14 April 2020
The Council of Australian Governments (COAG) has released a Waste Response Strategy to implement its decision last year to ban the export of waste plastic, paper, glass and tyres, and build Australia’s capacity to generate high‑value recycled commodities.
The COAG’s strategy is a significant step towards Australia’s transition to a ‘circular economy’. The waste export ban and strategy signal a once in a generation transformation of the recycling industry, which is expected to generate $1.5 billion in economic activity over the next 20 years. The waste export ban will commence on 1 July 2020 with a phased approach over a four-year timetable.
Australians create around 67 million tonnes of waste each year, of which 4.4 million tonnes was exported in 2018-19. Around 32 per cent of the total waste export was waste plastic, paper, glass and tyres, with a total declared value of approximately $290 million.
The COAG’s commitment to the waste export ban has been by driven community-level concerns about the impact of waste on our environment and a nation-wide interest in improving resource recovery. Action to address domestic waste processing capacity has also been accelerated by China’s announcement of restrictions on importing recyclable materials under its National Sword Policy in 2018.
The COAG has agreed to establish a timetable to ban the export of waste plastic, paper, glass and tyres in August 2019. A phased approach to implementing the ban aims to create certainty for industry and is predicted to assist reduce further shocks to the waste and recycling sector.
The Commonwealth, State and Territory governments and the Australian Local Government Association agreed this response strategy at the COAG meeting on 13 March 2020. The Strategy is informed by consultation with peak bodies and over 100 individual businesses impacted by the ban (submissions can be found here) and a Decision Regulatory Impact Statement (found here). The Centre for International Economics also conducted a cost‑benefit analysis of the alternative options to implement the waste export ban, which informed the definitions of materials captured by the ban and supported the need for regulatory action.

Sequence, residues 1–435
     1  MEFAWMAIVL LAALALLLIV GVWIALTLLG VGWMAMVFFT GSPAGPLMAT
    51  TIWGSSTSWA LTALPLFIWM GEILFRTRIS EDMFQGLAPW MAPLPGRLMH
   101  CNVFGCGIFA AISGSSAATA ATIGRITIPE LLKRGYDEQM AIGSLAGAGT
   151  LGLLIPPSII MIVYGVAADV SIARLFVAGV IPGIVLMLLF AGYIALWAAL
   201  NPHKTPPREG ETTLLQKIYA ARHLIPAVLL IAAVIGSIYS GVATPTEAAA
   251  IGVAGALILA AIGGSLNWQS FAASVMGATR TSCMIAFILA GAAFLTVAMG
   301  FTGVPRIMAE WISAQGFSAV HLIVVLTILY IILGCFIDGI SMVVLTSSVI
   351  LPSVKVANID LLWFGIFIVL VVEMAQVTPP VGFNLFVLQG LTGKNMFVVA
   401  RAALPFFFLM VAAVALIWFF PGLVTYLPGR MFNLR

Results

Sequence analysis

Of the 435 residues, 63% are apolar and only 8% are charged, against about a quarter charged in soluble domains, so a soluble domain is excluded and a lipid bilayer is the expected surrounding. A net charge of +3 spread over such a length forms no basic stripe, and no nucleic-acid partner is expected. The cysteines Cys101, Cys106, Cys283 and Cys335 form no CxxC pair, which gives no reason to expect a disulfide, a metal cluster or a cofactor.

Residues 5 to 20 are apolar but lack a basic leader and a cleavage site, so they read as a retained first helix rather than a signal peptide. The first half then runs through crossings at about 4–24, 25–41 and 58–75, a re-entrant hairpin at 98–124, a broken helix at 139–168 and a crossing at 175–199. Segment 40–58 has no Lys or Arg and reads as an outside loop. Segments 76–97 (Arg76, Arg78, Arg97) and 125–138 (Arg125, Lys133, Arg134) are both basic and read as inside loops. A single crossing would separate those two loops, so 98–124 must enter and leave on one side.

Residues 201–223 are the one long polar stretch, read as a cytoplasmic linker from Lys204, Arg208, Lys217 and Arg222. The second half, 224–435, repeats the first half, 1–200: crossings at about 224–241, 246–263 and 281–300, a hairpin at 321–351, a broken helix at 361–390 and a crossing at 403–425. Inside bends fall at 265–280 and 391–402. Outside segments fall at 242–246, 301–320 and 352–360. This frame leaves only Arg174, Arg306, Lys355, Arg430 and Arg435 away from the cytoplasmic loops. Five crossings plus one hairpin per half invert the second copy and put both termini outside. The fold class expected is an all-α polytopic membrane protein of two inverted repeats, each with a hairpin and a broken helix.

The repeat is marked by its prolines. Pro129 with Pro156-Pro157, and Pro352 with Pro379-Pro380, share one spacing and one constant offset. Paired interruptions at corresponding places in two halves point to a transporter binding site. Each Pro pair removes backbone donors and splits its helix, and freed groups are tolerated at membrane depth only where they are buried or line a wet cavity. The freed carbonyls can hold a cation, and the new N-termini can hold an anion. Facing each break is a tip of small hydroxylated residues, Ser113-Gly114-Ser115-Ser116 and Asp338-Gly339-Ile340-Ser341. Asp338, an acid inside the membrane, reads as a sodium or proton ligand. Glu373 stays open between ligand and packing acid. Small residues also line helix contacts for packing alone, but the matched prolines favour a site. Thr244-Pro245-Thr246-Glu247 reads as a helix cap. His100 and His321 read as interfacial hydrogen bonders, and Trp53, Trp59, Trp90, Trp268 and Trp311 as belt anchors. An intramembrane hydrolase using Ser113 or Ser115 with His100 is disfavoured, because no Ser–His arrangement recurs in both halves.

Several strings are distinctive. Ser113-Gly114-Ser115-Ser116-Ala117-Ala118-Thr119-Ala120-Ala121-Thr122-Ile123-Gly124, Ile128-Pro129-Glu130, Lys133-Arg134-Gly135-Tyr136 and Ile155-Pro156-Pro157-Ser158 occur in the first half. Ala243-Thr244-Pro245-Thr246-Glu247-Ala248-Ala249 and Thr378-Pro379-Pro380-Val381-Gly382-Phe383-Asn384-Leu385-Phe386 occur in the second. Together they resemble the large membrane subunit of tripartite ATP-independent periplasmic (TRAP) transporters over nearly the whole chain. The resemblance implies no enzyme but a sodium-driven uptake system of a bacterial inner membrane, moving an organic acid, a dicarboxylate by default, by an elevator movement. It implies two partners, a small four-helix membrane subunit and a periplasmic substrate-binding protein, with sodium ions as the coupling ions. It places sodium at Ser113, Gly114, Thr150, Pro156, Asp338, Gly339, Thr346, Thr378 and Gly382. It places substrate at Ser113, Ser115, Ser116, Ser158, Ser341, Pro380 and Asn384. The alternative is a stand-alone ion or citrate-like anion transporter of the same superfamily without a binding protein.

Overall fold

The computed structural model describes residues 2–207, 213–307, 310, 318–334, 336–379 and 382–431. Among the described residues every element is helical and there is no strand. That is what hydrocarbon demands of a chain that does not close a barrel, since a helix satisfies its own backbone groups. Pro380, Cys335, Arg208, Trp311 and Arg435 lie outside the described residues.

The announcement of the ban was followed by the commissioning of an Inquiry into Australia’s Waste Management and Recycling Industries by the Standing Committee on Industry, Innovation, Science and Resources in October 2019, and the release of the National Waste Policy Action Plan in November 2019.
The following sections outline the materials affected by the ban, and the system-level opportunities for government and industry to drive greater domestic waste and recycling capacity.
The definitions and timeframes for materials in scope of the export ban are summarised in the figure below.
Source: COAG Waste Response Strategy
Materials that fall outside the scope of the export ban include:
The COAG’s strategy acknowledges that driving greater domestic waste and recycling capacity will require action by all levels of government and industry. In consultation, industry participants emphasised the need for system-level changes to build the long-term strength and capacity of Australia’s waste management sector. The COAG’s strategy identifies several opportunities for implementing interventions:
The Commonwealth’s commitments to support the delivery of the waste export ban are expected in the first half of 2020. It is expected that these commitments will include investing in industry innovation and improving waste data capture and tracking of materials.
Thus far, the Commonwealth has expressed an intention to amend the Commonwealth Procurement Rules to ensure Commonwealth agencies consider environmental sustainability and use recycled content as a factor when determining value for money. Additionally, Prime Minister Scott Morrison announced that the Commonwealth will co-invest in critical recycling infrastructure with state and territory governments and industry on a 1:1:1 basis.
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